Manjaro vs Arch

So I have been testing out the two in VMs the past few days, and I just succeeded in getting an arch install to gnome 3. I am wondering what anyone would say the disadvantages to going with a Manjaro install are. Basically what would you say are the killer advantages to the customization levels of Arch vs just rolling a quick Manjaro install. I am new to using Linux (about 3 days or so), so I would say I am not sure of what I like yet exactly, but the idea of jumping into configuring arch doesn't really bother me (basically I just went full fledged into building from the command line to learn the basics, and I feel I have a better grasp because of it). Naming from the time I was using Manjaro I really liked the additions like the software manager, and also the icon set/ themes (not to mention the quick and easy rolled driver support and config). Additionally I have some other questions. For one with Manjaro I seemed to have full support for native resolutions (2560 *1440) and 1080p on my two monitors, and it seemed faster 3d acceleration vs what I have now with a basic gnome 3 shell in Arch. I guess this is more of a Virtual Box question, but what would cause that? The device reported by the system is a Virtual Box graphics adapter, so would installing a proprietary (I have AMD 7950s) improve that to the level that it was in Manjaro? Also just general guide lines to tweaking Arch some more would be appreciated (I guess more in line of nice themes or killer apps/ gnome extensions you like). Also one more question, I now have a problem with the Manjaro VM in that when I go to start it it executes up to the point of starting X when the screen flickers (the VM window) and it hangs on " Reached target graphical interface. Reached target multi-user system" this seems to be a display driver issue, but how can it be fixed. I assume just loading the live iso into the editing on the command line would work, but where should I start with that issue? 

Both issues are VM issues on windows that you probably won't have if you use the proprietary microsoft virtualisation instead of oracle's. The linux kernel actually contains about 20.000 lines of code submitted by Microsoft in order to optimize the linux kernel for use in HyperV, microsoft's virtualization engine.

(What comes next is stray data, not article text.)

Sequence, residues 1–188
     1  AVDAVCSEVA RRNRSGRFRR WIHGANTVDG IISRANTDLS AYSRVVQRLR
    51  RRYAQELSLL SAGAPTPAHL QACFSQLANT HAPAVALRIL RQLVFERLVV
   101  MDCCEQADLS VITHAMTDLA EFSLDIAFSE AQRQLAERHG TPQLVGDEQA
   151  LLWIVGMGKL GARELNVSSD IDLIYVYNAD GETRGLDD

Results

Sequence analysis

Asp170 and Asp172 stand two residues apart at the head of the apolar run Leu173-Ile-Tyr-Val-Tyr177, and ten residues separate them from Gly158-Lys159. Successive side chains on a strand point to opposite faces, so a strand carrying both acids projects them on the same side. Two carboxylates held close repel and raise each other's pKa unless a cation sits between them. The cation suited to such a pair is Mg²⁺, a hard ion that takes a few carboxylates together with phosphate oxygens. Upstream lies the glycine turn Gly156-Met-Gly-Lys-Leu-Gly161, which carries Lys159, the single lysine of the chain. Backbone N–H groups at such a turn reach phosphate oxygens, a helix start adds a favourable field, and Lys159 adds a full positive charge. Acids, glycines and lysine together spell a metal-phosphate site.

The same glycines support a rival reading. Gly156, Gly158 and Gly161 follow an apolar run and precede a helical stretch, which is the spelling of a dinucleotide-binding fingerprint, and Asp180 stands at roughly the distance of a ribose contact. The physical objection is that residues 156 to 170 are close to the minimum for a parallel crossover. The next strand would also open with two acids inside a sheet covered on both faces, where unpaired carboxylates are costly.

As to Manjaro vs Arch: Arch is a fully modular install, what you don't install manually, you don't have, so you won't have randr for instance, which is possibly also why you don't have all resolutions showing up, and you don't have proprietary graphics drivers from the official repos, because Arch is open source only, you have to pull in the non-free drivers from a separate repo, whereas Manjaro has all the non-free codecs and drivers and apps preinstalled. You can also get Manjaro with Gnome, it's a community release, or you can install gnome from the official repos after you've installed the official XFCE orOpenBox release. There is no linux distro that doesn't have all the common DE's in the repos, a DE is never typical to a distro or vice versa. There is a difference between Arch and Manjaro: primo, the official repos are not the same, Manjaro has it's own repos to avoid poisoned packages which may pop up in the Arch repos, because of the rolling release model, and that break stuff because with Arch, being leading edge is considered more important than guaranteeing that packages work without tweaks, because the tweaks will be well documented on the website, and it's an enthusiast distro, so for people that don't mind doing tweaks after updates, while Manjaro is based on Arch, but is also for noobs, so they want everything to be "pre-tweaked", and they will hold off pushing updates in their rolling releases until they have pretweaked what needs to be pretweaked for the users; secundo, Manjaro is not a lean and mean distro like Arch, Arch comes with nothing out of the box, you need to pull in everything that you need so that your system is as lean as possible, which translates in Arch with XFCE using almost 60 MB less RAM than Manjaro, so even while Manjaro is not a bloated install in comparison to say Ubuntu or another typically bloated distro, it's not as lean out of the box as Arch; tertio, Manjaro has a few user friendliness improvements, like graphical login screens, and a great full automatic hardware detection tool with driver management including non-free graphics drivers.